Melting Arctic ice may allow Chinese navy to confront Nato in 20 years

Third world thaw: Melting ice in the Arctic could allow the Chinese navy to confront Nato in the Atlantic within 20 years, defence chiefs warn

The melting of the Arctic ice cap could allow the Chinese navy to confront Nato in the Atlantic within the next two decades, defence chiefs have warned.

Beijing’s nuclear submarine fleet may routinely be able to exploit the Northwest Passage through the Arctic much sooner if the ice thins, potentially posing a threat to the UK’s nuclear deterrent.

The warning comes amid alarm at increasingly close ties between China and Russia.

Yesterday, Beijing revealed that President Xi Jinping will make a rare trip outside China next week to hold a summit in Russia with Vladimir Putin.

Former Tory leader Sir Iain Duncan Smith said: ‘China is a threat to us and the longer we try to dial that down the more China thinks we are weak and the more emboldened they become.

 Chinese President Xi Jinping, meets with representatives of national role models in the field of emergency management and loyal guards in the fire-fighting sector at the Great Hall of the People in Beijing

‘This warning from the Navy is the latest in a string of warnings that should have set alarm bells ringing and should be leading to much greater investment in defence.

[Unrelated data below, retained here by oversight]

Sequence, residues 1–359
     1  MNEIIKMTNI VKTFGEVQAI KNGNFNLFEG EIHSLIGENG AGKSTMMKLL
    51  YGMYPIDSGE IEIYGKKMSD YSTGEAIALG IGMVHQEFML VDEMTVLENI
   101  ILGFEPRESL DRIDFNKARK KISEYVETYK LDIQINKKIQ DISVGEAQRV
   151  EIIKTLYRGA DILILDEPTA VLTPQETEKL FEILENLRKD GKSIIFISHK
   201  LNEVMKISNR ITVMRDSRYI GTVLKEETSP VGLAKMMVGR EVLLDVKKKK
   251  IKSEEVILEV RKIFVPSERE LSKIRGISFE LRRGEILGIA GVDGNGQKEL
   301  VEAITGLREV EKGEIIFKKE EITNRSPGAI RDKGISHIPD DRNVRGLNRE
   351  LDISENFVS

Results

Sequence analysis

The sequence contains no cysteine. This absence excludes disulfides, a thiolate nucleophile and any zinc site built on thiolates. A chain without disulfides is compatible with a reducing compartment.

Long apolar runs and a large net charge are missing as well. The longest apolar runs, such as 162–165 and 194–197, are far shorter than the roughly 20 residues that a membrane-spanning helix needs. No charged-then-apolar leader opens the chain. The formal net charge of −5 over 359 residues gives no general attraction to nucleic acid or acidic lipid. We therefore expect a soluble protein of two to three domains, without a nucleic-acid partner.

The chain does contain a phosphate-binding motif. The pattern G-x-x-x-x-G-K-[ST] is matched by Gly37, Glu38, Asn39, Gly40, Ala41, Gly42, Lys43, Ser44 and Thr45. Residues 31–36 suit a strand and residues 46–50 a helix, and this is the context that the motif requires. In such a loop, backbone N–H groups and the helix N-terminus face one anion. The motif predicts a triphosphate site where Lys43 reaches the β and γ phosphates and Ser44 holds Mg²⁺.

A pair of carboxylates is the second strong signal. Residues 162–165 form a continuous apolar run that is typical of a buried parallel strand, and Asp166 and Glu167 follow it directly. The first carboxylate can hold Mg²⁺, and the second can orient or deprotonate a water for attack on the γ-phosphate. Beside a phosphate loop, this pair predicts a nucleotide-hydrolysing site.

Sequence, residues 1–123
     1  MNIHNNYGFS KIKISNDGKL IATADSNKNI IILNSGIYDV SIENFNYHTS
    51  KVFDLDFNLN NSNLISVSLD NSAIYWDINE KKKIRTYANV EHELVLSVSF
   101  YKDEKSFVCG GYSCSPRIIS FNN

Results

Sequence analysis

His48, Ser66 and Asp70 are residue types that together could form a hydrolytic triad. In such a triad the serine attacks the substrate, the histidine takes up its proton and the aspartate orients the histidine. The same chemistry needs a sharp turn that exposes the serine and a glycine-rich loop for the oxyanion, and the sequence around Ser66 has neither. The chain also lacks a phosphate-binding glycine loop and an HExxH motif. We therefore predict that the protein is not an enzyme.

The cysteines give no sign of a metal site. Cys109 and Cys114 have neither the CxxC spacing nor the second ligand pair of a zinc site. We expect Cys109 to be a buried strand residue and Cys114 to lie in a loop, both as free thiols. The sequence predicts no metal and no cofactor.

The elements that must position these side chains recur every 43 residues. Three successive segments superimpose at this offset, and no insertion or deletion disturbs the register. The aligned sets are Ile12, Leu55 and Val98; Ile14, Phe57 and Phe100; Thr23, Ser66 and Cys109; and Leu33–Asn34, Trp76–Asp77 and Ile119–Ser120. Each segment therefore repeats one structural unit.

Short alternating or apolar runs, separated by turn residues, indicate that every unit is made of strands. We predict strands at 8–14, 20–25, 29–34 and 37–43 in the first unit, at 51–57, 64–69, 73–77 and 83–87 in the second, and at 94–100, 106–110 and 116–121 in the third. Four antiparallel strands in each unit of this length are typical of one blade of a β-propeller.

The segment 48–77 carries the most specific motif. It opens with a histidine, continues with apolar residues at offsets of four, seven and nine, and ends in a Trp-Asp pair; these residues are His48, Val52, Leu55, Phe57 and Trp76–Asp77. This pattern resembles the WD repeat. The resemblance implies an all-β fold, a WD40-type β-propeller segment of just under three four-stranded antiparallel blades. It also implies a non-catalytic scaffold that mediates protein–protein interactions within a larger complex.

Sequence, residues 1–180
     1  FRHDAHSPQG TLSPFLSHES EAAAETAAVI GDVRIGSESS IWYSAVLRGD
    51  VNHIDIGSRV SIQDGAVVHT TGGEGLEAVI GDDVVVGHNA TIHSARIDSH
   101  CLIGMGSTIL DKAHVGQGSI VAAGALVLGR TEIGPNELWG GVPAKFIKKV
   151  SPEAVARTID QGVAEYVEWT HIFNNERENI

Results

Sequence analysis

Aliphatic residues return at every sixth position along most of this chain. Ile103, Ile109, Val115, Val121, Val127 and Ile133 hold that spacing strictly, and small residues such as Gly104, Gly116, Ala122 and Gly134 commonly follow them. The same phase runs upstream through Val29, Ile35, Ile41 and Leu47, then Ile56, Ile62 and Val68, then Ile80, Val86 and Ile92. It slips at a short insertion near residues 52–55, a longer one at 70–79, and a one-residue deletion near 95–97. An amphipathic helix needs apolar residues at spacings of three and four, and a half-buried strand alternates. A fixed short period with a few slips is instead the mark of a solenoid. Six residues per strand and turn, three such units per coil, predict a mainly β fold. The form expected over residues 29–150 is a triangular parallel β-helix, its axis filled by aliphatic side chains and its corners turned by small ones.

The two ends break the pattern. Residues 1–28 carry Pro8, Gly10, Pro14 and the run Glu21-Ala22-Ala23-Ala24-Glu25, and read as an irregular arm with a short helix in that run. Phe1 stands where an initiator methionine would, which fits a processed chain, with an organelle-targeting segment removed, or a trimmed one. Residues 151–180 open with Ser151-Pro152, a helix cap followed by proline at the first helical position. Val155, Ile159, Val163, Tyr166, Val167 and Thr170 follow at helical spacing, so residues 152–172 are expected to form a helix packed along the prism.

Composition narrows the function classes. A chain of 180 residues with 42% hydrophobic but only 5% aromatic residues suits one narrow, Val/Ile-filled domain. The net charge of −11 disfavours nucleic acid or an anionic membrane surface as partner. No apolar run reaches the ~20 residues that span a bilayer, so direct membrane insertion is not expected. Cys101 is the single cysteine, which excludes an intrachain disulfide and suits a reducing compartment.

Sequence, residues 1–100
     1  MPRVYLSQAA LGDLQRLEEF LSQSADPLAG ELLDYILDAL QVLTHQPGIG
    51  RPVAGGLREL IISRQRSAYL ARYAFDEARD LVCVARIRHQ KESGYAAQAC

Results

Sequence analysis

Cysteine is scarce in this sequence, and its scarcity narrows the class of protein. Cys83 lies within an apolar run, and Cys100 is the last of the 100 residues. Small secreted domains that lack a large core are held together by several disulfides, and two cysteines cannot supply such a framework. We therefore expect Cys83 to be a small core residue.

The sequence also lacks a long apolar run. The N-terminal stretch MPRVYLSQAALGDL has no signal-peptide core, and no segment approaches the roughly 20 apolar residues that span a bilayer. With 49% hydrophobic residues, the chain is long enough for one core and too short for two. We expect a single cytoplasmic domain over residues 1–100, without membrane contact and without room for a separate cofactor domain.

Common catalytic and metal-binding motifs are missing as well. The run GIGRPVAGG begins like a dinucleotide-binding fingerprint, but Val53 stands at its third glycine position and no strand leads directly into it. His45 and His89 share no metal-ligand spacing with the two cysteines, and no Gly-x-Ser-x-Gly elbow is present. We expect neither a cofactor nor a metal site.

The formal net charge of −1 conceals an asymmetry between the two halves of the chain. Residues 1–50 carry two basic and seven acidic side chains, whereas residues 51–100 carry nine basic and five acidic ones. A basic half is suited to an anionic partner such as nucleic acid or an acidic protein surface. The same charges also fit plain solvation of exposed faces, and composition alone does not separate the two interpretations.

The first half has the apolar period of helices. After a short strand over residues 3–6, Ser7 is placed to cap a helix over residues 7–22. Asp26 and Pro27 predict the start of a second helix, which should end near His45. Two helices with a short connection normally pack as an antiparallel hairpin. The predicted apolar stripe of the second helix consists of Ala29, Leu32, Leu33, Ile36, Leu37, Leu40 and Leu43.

‘Instead, we have seen a refresh of the Integrated Review that still says we are going to deal with China with robust pragmatism – all because we are terrified of losing out on trade. They are laughing at us.’

The sea route through the Arctic is currently navigable only for a handful of weeks a year in summer.

Most submarines can operate under ice for short periods but only the most advanced can travel under the thick layers of the North Pole, which present some of the harshest conditions in the world.

A nuclear-powered Type 094A Jin-class ballistic missile submarine of the Chinese People’s Liberation Army

A view of the Chinese People’s Liberation Army Navy (PLAN) guided-missile destroyer Nanning (162) during joint naval military drills between Iran, Russia, and China in the Gulf of Oman

Russian and American submarines routinely operate in the Arctic, and British boats have conducted exercises there. 

Western intelligence sources do not believe China has developed the capability to date. 

However, Navy chiefs now think a combination of thinning polar ice and advancing Chinese submarine technology could allow Beijing to deploy its huge underwater fleet to the Atlantic within a few years when the conditions are likely to be less challenging.

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